The Heat and the Thunder are in the NBA finals, which gives us an opportunity to bring a grammar debate back to the world of sports, not seen since we debated whether the Minnesota Wild stink or the Minnesota Wild stinks.
Over to you, Deadspin:
British English just treats all team names–mass nouns, collective nouns, singular nouns–as plurals: Arsenal are the superior side in this one. In American English, this makes you sound like a poncy rock critic: Pavement are the most important band since Wire.
But strict formal verb agreement gets into trouble, too: The Thunder is relying on its fresh legs? When the Jazz or the Magic made the finals against plural-named foes, it was still possible to write around the problems. Now, we’re stuck.
Bonus I: I turned on The Story on MPR last night in the middle of Dick Gordon’s interview with Candace Gorman, an attorney who told the story of trying to defend her client in an environment where the fix was in on a fair trial. She had no attorney/client privilege, all of the evidence was renumbered at the start of a hearing to make it harder for her to make her case, and she couldn’t take notes when meeting with her client. “In what kind of tinhorn country does this pass for fairness?” I asked myself as I listened. Then I found out. Ours.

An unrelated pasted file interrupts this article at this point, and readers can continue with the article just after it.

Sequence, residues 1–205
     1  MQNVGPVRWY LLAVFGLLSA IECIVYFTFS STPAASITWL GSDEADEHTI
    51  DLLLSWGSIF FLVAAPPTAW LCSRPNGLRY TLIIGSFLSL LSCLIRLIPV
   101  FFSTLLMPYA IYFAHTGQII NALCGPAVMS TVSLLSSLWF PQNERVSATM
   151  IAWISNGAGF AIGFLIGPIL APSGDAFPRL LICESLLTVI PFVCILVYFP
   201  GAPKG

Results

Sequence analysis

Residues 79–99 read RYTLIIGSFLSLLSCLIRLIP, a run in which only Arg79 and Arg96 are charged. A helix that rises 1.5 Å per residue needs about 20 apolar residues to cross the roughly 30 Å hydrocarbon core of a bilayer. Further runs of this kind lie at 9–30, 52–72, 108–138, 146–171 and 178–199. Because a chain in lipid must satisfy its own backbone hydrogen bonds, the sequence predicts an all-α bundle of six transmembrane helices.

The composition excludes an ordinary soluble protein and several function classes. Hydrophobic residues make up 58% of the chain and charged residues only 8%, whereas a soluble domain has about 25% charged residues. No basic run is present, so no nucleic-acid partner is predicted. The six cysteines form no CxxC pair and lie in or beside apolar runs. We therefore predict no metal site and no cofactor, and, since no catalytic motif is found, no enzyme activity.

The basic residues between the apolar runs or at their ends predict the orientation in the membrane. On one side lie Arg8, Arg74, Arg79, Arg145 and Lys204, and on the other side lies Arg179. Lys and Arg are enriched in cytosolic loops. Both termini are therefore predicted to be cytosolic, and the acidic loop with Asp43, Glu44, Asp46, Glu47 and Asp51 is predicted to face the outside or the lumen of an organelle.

Bonus II: Without more anti-voter-fraud rules, there’d be more keggers messing up our elections.
Meanwhile, noted Ramsey County electoral scholar Joe Mansky may have a solution to Voter ID — issuing photo ID for voting right at the polling place.
City commissioners in Fargo want to expand the area where panhandling is illegal. City ordinance already prohibits begging downtown. Today’s Question: What do you think of creating city zones where begging is prohibited?
WHAT WE’RE DOING
Daily Circuit (9-12 p.m.) – First hour: Who should foot the bill to prepare people for specific jobs?